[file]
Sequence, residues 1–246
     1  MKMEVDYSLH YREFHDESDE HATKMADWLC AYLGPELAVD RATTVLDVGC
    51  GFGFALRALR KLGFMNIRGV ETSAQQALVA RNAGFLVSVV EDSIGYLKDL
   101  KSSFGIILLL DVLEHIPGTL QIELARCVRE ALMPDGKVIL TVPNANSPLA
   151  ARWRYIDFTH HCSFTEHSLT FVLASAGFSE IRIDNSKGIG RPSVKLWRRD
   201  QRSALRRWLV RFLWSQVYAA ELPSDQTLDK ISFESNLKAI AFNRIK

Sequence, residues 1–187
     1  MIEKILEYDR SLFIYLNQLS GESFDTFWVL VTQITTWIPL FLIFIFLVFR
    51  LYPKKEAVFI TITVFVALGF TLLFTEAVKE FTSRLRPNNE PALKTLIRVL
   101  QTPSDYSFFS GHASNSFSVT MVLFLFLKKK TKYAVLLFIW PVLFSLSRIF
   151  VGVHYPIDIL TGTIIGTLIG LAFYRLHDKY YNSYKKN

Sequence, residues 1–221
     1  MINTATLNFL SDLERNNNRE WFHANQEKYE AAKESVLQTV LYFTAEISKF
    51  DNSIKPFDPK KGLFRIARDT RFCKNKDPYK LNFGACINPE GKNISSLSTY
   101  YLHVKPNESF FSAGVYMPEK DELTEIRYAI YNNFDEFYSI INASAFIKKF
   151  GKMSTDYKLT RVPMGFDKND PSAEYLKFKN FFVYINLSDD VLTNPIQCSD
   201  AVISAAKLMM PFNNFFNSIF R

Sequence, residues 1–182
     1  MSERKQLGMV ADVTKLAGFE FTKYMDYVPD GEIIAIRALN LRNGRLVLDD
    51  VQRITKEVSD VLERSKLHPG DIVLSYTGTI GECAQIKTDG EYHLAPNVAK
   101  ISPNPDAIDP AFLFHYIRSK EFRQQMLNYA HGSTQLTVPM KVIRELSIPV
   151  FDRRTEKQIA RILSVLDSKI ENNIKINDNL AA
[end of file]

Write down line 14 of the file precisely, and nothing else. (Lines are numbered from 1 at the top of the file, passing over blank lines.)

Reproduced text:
    51  DNSIKPFDPK KGLFRIARDT RFCKNKDPYK LNFGACINPE GKNISSLSTY